Settings and Design: This was a cross-sectional study conducted in a Neurological Centre at Hospital Tengku Ampuan Afzan, Kuantan, Pahang, Malaysia, from January 2016 to December 2016.
Subjects and Methods: A total of 209 patients; 133 males and 76 females, in the age range of 16-84 years, were randomly recruited for this study. All the selected patients were subjected to the checklist for diagnosis of PCS as per International Statistical Classification of Diseases and Related Health Problems 10th edition classification at a 2-week interval.
Statistical Analysis Used: Descriptive statistic and Multivariable Logistic Regression Model were used for frequency and percentage analyses of categorical variables, using SPSS version 23.0.
Results: Only 20 patients were identified with PCS. There were more female (70%) patients with PCS than the male (30%) patients. The prevalence of PCS for 2 weeks, 3 and 6 months since injuries were 9.6%, 8.1%, and 8.1% respectively. Majority (80%) of the patients were found to have PCS due to road traffic accidents, while the remaining were attributed to assault (15%), and falls (5%). Among the sample population, 25% were smokers, while 10% of them had either skull fracture or premorbidity.
Conclusion: Less than 10% of patients with MTBI had PCS after 6 months' following trauma. None of the variables tested were significant factors for the development of PCS symptoms.
METHODS: The pre- and post-operative CT images of 55 patients undergoing DC surgery were analyzed. The ICV was measured by segmenting every slice of the CT images, and compared with estimated ICV calculated using the 1-in-10 sampling strategy and processed using the SBI method. An independent t test was conducted to compare the ICV measurements between the two different methods. The calculation using this method was repeated three times for reliability analysis using the intraclass correlations coefficient (ICC). The Bland-Altman plot was used to measure agreement between the methods for both pre- and post-operative ICV measurements.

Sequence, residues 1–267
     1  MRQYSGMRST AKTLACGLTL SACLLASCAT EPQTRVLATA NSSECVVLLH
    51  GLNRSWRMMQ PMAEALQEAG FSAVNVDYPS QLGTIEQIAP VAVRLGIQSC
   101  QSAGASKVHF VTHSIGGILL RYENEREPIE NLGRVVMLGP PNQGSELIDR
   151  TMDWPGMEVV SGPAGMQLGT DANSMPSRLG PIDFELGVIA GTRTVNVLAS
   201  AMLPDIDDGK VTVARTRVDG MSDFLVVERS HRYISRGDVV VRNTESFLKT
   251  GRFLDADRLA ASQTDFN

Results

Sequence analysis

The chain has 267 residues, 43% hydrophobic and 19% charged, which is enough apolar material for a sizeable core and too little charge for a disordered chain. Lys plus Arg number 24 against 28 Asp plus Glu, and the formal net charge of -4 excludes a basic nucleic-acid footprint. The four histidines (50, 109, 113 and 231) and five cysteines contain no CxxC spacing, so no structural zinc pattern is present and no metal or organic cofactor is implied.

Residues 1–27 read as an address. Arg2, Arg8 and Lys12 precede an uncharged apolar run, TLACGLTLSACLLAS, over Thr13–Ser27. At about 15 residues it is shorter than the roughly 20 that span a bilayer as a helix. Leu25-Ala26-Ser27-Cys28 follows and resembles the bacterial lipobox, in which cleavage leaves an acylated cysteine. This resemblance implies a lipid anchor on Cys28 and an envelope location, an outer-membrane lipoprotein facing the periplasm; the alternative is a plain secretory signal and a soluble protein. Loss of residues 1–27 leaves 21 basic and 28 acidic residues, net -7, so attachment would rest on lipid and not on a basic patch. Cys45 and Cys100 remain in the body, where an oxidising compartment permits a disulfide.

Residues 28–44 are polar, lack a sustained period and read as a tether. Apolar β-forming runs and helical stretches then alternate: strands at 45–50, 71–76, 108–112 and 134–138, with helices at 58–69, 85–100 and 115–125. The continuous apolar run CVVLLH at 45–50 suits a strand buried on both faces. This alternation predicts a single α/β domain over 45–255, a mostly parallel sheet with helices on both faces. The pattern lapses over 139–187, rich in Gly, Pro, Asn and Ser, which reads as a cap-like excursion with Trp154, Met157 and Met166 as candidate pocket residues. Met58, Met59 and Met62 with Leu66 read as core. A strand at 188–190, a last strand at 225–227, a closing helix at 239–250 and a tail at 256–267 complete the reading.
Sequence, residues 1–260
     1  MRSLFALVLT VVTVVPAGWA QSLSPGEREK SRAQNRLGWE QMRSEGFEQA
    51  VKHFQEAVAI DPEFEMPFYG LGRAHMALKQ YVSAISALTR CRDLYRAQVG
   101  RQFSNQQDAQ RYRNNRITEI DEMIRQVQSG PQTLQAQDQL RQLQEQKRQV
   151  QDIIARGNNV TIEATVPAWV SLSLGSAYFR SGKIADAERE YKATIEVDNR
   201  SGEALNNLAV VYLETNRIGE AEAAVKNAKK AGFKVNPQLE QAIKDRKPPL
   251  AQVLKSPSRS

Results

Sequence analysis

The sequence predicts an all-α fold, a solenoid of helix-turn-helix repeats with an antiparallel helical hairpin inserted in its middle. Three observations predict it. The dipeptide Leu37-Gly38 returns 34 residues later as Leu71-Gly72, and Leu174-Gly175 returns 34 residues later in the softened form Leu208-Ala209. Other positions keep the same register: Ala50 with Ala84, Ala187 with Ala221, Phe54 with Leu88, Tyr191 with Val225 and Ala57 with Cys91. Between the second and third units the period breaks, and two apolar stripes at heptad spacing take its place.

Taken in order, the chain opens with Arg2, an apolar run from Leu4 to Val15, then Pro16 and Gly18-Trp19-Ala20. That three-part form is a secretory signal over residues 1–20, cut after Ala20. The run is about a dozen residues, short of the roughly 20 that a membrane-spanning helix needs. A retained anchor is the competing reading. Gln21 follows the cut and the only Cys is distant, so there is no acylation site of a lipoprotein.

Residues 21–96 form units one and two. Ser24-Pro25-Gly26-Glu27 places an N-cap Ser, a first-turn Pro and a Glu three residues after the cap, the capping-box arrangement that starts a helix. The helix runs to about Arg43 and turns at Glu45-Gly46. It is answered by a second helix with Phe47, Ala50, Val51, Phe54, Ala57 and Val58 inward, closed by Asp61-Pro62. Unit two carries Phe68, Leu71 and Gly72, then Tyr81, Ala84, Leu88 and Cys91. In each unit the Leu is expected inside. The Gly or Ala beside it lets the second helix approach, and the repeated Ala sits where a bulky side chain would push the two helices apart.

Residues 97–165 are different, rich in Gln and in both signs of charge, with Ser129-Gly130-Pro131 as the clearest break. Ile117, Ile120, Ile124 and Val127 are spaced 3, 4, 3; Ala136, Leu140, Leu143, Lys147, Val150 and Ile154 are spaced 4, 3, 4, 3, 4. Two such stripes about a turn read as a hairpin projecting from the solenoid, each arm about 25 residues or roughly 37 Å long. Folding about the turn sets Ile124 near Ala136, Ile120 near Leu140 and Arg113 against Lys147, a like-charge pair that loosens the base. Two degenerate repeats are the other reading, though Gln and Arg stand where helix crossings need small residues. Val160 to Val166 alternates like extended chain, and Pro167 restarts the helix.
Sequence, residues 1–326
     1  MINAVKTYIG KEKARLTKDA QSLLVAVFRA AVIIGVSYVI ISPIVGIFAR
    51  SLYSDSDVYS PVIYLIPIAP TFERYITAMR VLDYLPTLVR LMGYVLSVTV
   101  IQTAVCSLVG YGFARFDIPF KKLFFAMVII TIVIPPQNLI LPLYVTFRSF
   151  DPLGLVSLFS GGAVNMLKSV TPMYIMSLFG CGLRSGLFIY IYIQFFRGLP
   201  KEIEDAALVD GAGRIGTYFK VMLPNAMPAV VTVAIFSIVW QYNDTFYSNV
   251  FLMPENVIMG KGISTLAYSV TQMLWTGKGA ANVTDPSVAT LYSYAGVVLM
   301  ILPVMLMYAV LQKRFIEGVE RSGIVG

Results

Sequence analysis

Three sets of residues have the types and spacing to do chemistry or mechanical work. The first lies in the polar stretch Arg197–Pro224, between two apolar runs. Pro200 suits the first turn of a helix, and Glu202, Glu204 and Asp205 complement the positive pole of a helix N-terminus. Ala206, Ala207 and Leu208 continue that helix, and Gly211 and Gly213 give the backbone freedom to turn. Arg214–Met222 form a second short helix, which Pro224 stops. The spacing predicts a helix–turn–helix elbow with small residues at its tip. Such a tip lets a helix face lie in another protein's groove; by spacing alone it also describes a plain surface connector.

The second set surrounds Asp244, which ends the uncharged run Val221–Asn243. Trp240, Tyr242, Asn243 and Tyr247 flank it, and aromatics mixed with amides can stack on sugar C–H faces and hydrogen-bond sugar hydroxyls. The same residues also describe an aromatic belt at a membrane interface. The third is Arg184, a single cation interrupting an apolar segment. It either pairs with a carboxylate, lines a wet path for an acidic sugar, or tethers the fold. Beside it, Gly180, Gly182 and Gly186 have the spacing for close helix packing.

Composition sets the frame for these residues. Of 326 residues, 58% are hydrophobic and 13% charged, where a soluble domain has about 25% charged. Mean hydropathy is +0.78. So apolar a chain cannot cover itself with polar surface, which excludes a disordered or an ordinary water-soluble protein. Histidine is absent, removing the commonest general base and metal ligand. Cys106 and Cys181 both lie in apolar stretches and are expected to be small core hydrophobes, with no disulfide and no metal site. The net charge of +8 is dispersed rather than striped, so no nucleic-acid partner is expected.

RESULTS: The mean ICV (±SD) were 1341.1±122.1ml (manual) and 1344.11±122.6ml (SBI) for the preoperative CT data. The mean ICV (±SD) were 1396.4±132.4ml (manual) and 1400.53±132.1ml (SBI) for the post-operative CT data. No significant difference was found in ICV measurements using the manual and the SBI methods (p=.983 for pre-op, and p=.960 for post-op). The intrarater ICC showed a significant correlation; ICC=1.00. The Bland-Altman plot showed good agreement between the manual and the SBI method.
CONCLUSION: The shape-based interpolation method with 1-in-10 sampling strategy gave comparable results in estimating ICV compared to manual segmentation. Thus, this method could be used in clinical settings for rapid, reliable and repeatable ICV estimations.